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    Rheumatoid Arthritis and Birth Weight

    Heavier Babies May Face Higher Risk of Arthritis Later in Life

    WebMD Health News

    May 15, 2003 -- Although the cause of rheumatoid arthritis remains unknown, a new study suggests certain factors surrounding a person's birth may affect the risk of developing the potentially disabling disease as an adult.

    Rheumatoid arthritis usually develops after age 50 and affects nearly twice as many women as men. When it strikes, the disease causes a person's immune system to attack the tissues in the joints, which leads to inflammation and pain.

    Researchers say little is known about the cause of rheumatoid arthritis, but a combination of genetic and environmental factors are suspected.

    The study, published in the May 17 issue of the British Medical Journal, looked at a group of 77 adults with rheumatoid arthritis born between 1940 and 1960 in Malmö, Sweden, and compared their birth records with a group of 308 similarly matched healthy adults born during the same time in the same city. Researchers analyzed information about birth weight, mother's age, length of hospital stay after birth, start of breastfeeding, and the occupation of the father.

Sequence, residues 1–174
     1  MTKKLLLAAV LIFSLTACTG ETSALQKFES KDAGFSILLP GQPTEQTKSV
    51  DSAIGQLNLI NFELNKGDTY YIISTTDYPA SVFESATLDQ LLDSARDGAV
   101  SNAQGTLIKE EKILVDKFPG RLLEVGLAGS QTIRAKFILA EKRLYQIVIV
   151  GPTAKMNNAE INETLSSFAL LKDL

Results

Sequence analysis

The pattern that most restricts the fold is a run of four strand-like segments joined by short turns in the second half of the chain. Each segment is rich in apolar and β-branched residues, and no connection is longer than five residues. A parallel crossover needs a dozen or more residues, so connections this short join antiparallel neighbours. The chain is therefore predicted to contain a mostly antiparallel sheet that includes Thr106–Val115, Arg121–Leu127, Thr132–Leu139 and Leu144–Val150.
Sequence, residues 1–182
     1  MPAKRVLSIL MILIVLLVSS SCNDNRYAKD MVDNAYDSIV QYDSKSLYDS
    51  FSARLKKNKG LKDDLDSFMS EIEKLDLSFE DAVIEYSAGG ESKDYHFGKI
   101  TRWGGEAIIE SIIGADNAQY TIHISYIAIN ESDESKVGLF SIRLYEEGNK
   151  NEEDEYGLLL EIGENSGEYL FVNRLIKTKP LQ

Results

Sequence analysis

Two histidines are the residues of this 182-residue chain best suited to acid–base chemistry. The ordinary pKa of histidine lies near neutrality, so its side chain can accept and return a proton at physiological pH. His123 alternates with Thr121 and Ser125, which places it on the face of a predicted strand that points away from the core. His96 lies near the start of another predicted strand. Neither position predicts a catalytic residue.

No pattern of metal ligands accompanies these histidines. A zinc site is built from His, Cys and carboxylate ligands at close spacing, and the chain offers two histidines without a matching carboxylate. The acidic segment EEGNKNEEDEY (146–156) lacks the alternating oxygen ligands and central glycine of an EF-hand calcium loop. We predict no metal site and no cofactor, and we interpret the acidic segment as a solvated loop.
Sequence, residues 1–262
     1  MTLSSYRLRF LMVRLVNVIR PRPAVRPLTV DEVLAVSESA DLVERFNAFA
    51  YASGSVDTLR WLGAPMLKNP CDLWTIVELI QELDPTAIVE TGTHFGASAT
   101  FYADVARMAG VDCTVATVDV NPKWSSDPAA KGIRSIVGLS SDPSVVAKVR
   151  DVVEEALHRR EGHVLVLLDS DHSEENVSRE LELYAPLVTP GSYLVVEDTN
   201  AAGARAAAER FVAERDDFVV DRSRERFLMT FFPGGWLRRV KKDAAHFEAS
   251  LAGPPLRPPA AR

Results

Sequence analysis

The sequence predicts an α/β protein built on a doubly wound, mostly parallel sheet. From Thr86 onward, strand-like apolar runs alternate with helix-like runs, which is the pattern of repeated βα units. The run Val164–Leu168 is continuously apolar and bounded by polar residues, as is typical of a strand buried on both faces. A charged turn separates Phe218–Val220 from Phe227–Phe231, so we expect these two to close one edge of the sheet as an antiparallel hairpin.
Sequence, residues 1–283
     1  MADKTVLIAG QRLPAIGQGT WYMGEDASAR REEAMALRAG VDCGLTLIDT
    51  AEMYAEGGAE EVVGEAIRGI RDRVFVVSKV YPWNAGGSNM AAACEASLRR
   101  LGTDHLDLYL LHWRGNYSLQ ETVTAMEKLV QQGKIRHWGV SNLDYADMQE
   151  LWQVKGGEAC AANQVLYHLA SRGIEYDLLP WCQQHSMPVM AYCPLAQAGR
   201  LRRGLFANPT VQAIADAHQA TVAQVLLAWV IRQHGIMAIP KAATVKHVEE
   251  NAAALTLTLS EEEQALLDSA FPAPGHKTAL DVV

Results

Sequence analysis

The study found babies who had a birth weight of more than 8.82 pounds were more than three times as likely to have rheumatoid arthritis later in life, but having a low birth weight didn't seem to affect the risk of rheumatoid arthritis.

    Low frequency of breastfeeding while in the hospital after delivery also slightly increased the likelihood of rheumatoid arthritis as an adult, as well as having a father employed in manual labor.

    No other birth-related factors appeared to affect rheumatoid arthritis risk.

    Researchers say this is the first study that looks at markers of infant health before and after birth in relation to the development of rheumatoid arthritis as an adult. They say more research is needed to see what these factors might reveal about the development and causes of rheumatoid arthritis.

    SOURCE: British Medical Journal, May 17, 2003.

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